(Source: Developing Human Connectome Project)

Brain scans have traditionally proven difficult if not impossible to obtain for babies and particularly for fetuses. There was also the concern of keeping infants safe within an MRI scanner. But the seeds of development and disease may yet be found in those earliest stages of growth.

Now a massive trove of MRI scans of babies during pregnancy and in the first weeks of life are being shared online by a British team.

The undertaking is called the Developing Human Connectome Project, and involves scientists from King’s College London, Imperial College London, and Oxford University.

“The Developing Human Connectome Project is a major advance in understanding human brain development,” said David Edwards, of King’s College London, the lead investigator and a neonatologist. “It will provide the first map of how the brain’s connections develop, and how this goes wrong in disease.”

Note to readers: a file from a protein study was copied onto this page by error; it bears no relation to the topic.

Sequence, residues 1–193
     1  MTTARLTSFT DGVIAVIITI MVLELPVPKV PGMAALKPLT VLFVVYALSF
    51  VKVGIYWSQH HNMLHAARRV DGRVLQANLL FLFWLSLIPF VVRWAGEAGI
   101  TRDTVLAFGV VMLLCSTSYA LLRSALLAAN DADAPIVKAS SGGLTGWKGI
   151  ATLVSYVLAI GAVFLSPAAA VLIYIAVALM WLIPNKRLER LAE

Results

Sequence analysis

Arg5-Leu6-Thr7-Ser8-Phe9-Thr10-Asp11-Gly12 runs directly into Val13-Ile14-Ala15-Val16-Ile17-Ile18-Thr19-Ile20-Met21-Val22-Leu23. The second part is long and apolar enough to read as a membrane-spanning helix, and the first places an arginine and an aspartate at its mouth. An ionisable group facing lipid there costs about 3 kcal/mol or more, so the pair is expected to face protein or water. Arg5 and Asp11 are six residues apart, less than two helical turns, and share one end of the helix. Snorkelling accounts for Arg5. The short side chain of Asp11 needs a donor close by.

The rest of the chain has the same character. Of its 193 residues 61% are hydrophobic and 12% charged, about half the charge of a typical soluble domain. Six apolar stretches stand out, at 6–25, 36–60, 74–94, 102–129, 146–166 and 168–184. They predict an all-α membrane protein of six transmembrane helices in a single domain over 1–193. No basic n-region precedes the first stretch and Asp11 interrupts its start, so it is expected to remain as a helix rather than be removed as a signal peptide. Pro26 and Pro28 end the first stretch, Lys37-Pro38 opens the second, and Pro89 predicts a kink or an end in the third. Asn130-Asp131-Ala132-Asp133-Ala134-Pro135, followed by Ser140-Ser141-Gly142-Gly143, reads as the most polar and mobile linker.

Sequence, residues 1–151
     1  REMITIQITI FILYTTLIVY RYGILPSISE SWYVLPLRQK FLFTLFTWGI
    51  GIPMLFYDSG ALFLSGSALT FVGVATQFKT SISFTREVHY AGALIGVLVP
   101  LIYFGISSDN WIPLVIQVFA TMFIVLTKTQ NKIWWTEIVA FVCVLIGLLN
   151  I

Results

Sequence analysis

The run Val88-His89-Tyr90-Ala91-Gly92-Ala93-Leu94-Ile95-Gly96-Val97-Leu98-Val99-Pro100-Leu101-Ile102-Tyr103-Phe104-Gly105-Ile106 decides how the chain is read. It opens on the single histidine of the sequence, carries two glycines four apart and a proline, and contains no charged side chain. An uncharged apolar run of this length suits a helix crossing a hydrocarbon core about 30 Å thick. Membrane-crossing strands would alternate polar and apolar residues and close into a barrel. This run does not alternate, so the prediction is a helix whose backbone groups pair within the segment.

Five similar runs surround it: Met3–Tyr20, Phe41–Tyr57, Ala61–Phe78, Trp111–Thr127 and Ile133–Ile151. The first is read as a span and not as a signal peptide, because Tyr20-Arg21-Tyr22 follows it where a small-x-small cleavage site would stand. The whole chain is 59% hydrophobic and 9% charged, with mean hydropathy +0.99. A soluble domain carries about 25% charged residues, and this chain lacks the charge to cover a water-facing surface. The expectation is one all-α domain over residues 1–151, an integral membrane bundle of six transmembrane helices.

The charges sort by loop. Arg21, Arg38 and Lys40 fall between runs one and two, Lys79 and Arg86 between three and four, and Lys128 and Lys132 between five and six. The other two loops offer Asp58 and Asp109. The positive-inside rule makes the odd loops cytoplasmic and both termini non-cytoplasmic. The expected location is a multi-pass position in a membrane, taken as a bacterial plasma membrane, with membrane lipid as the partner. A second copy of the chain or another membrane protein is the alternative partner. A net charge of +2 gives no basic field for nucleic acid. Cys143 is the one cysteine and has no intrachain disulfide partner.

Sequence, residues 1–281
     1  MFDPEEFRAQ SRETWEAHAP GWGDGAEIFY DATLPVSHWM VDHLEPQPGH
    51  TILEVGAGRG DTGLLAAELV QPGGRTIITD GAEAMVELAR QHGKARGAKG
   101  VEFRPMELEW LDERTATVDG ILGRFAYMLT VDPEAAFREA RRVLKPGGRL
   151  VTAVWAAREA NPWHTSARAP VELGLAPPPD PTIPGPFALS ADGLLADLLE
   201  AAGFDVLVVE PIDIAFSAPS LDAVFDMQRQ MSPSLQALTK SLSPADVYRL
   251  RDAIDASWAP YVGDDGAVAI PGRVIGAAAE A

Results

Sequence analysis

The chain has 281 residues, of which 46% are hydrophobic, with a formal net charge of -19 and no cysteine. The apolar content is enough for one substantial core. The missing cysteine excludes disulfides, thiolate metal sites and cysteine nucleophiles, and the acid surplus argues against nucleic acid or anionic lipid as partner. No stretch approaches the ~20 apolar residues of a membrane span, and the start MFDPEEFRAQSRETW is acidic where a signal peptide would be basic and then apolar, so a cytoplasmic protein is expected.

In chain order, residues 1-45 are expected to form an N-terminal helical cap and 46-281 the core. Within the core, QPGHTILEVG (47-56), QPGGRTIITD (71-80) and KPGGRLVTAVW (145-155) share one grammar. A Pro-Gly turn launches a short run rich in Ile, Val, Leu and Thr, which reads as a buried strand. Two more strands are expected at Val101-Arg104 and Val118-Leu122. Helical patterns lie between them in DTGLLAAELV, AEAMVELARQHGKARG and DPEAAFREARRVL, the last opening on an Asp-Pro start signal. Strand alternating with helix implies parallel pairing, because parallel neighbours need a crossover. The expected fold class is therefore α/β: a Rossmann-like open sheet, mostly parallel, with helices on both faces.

The range of age would be from 20 weeks to 44 after conception, potentially from the second trimester through the first month of life, according to the project. The images will be the traditional array of MRI images, from white matter and cortical surfaces, to myelin maps and viewpoints.

The project touts its ambitious scope with making future breakthroughs possible, they said in a statement.

“Our goal is to create a dynamic map of human brain connectivity… which will link together imaging, clinical, behavioral, and genetic information. This unique setting, with imaging and collateral data in an expandable open-source informatics structure, will permit wide use by the scientific community.”

The project is backed by a €15 million grant from the European Research Council, with the understanding that the images would be shared as widely as possible.